Build, make, restore

Geometry+teacher+Crystal+Smith+started+her+own+woodworking+business+in+2011.+Smith+continues+woodworking+as+a+passion+project+for+herself%2C+and+close+family+and+friends+today.+

Courtesy of Crystal Smith

Geometry teacher Crystal Smith started her own woodworking business in 2011. Smith continues woodworking as a passion project for herself, and close family and friends today.

The rhythmic buzzing of a wood saw as a piece of lumber is cut in half. The slish-sloshing of paint and stainer as buckets are moved from project to project. Hammering, hammering, hammering, until the final product is complete.

This is the melody of geometry teacher Crystal Smith’s life.

“To me, woodworking is creating something from nothing, or restoring something,” Smith said. “It might be custom made, or I might restore it. And it can also involve painting.”

Smith grew up in an environment of building and making, which helped fuel her passion for woodworking.

“I grew up with a dad that did all kinds of work in the shop,” Smith said. “We lived on a ranch in Colorado, so I learned a lot of the basics from him, from the time I built my first birdhouse when I was 8 or 9 all the way up. [In 2011], when ‘shabby chic’ was popular, I saw all this stuff and wondered whether or not I could do that, so I tried [woodworking] and realized I really liked it.”

Smith decided later to fuel her passion for woodworking into a business, starting in 2011.

“[When I had my business], I was teaching during the day, running home and eating dinner really quick, going out to my garage around 6 p.m. to start working until midnight, and then grading papers until about 2 a.m. I’ve restored multiple dressers, dining tables and drawers. [I have] created blanket boxes, blanket ladders and trellises, and even sold restored pieces I bought from garage sales at my storefront in downtown McKinney.”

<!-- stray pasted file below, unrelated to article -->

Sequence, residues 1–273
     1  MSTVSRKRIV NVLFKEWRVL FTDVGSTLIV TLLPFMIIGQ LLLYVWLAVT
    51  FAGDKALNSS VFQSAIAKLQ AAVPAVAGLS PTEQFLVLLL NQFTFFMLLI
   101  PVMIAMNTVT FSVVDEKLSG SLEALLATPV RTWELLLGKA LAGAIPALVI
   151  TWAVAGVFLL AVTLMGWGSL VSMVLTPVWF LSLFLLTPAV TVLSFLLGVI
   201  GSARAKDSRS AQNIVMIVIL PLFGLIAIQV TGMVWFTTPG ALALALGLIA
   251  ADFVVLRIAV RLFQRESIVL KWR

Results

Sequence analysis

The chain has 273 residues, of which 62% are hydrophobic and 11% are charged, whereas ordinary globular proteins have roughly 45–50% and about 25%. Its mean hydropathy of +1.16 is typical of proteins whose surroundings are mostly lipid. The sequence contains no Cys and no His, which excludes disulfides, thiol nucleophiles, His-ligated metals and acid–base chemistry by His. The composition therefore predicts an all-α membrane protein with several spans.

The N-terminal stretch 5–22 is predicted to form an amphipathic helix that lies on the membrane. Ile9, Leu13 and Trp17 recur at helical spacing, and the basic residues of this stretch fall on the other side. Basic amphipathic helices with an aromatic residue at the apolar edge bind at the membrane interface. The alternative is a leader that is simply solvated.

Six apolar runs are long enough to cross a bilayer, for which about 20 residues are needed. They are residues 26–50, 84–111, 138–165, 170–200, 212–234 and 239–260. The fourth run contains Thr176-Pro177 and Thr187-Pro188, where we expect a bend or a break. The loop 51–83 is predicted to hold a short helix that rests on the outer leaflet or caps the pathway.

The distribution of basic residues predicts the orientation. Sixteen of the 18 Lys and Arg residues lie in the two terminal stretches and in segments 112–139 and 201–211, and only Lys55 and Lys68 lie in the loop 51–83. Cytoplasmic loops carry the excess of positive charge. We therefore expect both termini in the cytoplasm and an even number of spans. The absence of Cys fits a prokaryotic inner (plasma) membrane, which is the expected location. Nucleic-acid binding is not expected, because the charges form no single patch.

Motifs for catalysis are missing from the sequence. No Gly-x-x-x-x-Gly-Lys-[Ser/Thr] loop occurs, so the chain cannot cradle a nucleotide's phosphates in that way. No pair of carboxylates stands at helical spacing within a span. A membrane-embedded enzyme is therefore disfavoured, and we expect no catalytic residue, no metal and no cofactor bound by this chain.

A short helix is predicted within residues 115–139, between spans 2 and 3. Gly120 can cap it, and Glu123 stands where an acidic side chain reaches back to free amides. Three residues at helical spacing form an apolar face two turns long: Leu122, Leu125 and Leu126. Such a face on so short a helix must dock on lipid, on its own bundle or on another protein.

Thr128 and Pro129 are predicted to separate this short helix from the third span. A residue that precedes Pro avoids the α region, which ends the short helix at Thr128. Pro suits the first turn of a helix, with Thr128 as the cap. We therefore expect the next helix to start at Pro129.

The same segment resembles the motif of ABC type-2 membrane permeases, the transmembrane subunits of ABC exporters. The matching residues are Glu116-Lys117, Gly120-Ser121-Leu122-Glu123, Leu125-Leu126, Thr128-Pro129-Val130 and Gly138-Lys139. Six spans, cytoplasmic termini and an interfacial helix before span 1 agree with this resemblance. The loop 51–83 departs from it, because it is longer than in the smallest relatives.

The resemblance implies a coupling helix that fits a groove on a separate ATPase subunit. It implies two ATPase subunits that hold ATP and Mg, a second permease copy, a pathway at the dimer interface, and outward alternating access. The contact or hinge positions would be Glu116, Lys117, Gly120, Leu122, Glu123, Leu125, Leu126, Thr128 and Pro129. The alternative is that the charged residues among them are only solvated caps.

Smith grew up creating and building her in home. Smith helps create sets for the school’s theatre departments in addition to teaching geometry. (Courtesy of Crystal Smith)

Smith was forced to close her business in 2016, however. She was diagnosed with a nerve disorder, which made the long hours of working impossible.

“It was a hectic time, but I really enjoyed it,” Smith said. “However, when I was diagnosed with my nerve disorder, which causes a lot of pain if I do too much work, I really had to put the business aside and focus on doing things for me, my family and my friends.”

During this time, she’s worked on projects for those close to her.

“When my mother moved up here in 2016, she had a cabinet she wanted refinished,” history teacher Homa Lewis said. “I asked Mrs. Smith if it was something she could do, she came over and looked at it, took it home and brought it back in beautiful shape. I couldn’t get over how beautiful it looked.”

Smith has also worked with theatre, helping them with their sets.

“Mrs. Smith began assisting us with Grease when our tech director left, and we needed help building,” theatre director Jessica Brewster said. “She also built a bench for our state qualifying One Act Play, ‘Anatomy of Gray,’ and also served as the master carpenter on ‘Pirates of Penzance.’ And this year, built some sconces for our One Act Play, ‘Wit.’”

Overall, Smith likes the challenge of the many shapes that come with woodworking.

“I like the challenge [of woodworking],” Smith said. “That’s the thing that drives me. Getting to actually take the vision I see in my head and figure out what that’s going to look like in real life. And, of course, as a geometry teacher, I actually get to use the geometry in real life.”